There must be better ways to control speeds.

This one dumps traffic into a bus-stop and the lane disappears !
(Click to run the video ...)


The rule on the sign in the first photo should be added to the Highway Code.
Add
Do not overtake cyclists or motorcyclists at road narrowings. 
Wait until it is safe to overtake - when there is plenty of width, and no oncoming traffic.
Highway Code - Rule for pedestrians
7A ( Green Cross Code )

A. First find a safe place to cross and where there is space to reach the pavement on the other side. Where there is a crossing nearby, use it. It is safer to cross using a subway, a footbridge, an island, a zebra, pelican, toucan or puffin crossing, or where there is a crossing point controlled by a police officer, a school crossing patrol or a traffic warden. Otherwise choose a place where you can see clearly in all directions. Try to avoid crossing between parked cars (see Rule 14), on a blind bend, or close to the brow of a hill.

Is it clear that a 'pedestrian refuge' is a crossing ? Mention explicitly ?
Are they sited in places where it is safe to cross, or places that are (otherwise) dangerous ?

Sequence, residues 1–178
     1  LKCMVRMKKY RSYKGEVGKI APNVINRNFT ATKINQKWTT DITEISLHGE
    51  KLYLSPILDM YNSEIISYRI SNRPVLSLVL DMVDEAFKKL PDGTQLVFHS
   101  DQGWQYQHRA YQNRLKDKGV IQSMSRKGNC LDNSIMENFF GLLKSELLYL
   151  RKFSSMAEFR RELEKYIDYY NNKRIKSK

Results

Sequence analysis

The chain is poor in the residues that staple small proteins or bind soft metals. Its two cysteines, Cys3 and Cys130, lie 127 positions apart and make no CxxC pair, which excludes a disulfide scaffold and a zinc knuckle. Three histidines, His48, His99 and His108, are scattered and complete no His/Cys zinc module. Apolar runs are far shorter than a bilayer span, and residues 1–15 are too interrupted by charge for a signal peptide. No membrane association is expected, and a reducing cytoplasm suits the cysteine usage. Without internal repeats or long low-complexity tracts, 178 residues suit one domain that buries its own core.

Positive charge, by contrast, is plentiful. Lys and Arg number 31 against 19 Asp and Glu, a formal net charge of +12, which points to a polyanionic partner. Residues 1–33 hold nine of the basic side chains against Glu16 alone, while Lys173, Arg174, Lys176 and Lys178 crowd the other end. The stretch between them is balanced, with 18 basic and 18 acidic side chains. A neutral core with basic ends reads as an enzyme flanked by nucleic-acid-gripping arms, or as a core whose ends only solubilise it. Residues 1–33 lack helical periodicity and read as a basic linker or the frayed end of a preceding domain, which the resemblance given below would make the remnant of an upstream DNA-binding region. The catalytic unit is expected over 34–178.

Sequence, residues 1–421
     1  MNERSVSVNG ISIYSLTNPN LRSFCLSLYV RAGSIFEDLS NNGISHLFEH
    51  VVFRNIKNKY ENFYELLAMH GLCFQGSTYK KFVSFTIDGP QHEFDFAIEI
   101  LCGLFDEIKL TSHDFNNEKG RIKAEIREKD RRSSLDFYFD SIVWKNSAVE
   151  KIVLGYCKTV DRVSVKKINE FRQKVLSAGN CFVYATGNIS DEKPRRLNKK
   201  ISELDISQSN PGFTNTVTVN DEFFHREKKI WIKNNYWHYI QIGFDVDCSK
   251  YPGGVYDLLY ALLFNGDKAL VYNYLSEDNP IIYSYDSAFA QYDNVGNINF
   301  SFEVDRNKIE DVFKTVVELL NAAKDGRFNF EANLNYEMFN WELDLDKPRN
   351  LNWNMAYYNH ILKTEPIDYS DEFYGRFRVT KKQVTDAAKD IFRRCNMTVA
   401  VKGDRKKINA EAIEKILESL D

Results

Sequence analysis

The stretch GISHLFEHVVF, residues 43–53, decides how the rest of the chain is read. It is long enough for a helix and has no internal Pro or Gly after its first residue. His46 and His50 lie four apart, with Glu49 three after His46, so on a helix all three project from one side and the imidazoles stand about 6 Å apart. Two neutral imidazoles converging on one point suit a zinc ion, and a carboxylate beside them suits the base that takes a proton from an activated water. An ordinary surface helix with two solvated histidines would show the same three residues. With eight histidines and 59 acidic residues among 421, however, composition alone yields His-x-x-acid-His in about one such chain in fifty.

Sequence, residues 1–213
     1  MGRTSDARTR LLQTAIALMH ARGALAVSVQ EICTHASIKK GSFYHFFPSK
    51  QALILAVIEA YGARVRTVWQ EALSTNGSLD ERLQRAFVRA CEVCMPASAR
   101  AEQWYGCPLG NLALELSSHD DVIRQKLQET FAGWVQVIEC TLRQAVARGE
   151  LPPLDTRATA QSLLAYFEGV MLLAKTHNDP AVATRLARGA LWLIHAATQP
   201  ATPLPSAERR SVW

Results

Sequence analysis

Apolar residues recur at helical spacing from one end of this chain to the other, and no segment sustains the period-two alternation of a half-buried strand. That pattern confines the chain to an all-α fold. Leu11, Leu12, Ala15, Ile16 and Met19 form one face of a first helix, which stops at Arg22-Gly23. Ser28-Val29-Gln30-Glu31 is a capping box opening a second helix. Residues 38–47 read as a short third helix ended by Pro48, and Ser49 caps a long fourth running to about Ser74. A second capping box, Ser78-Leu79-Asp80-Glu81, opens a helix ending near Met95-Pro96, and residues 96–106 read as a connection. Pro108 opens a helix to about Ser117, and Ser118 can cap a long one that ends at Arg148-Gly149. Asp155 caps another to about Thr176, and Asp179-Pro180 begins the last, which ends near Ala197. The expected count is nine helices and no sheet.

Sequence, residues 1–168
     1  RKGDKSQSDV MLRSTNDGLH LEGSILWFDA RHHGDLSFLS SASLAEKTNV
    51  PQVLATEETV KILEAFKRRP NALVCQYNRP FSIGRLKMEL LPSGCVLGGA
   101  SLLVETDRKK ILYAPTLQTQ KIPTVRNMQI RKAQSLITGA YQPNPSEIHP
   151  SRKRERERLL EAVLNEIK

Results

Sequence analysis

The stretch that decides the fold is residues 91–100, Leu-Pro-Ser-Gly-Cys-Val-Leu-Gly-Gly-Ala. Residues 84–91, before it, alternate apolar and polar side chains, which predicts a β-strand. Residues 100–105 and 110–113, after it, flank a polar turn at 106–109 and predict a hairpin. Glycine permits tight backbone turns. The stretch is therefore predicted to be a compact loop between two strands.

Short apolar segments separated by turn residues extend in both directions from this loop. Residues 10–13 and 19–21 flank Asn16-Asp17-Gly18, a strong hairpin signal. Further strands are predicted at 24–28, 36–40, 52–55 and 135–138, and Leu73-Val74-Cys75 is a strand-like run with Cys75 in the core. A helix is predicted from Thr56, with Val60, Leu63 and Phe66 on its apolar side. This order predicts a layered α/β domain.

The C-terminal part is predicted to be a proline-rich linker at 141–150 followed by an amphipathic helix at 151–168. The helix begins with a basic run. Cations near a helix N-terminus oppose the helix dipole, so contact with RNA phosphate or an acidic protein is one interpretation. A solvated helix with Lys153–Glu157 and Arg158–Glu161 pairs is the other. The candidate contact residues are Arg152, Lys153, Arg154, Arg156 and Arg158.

Is it clear that they do not give pedestrians any more priority ?

20
Where there is an island in the middle of a zebra crossing, wait on the island and follow Rule 19 before you cross the second half of the road – it is a separate crossing.
Maybe every island should be a zebra ?

There's an interesting analysis 'Drivers’ perceptions of cyclists' by Basford and Reid (2002), investigating how and why motorists behave.
Around a quarter of respondents (26%) mentioned that the behaviour of other drivers would cause them to change their own behaviour. This indicates that drivers can regard themselves as trying to adhere to cautious behaviour around cyclists as an accepted response to the situation and yet still feel themselves to be pressurised by other drivers into behaving incautiously. This suggests that the perceived ‘social norm’ legitimises incautious behaviour, but leaves individual drivers free to attribute the cause of that behaviour to external influences rather than to their own attitudes.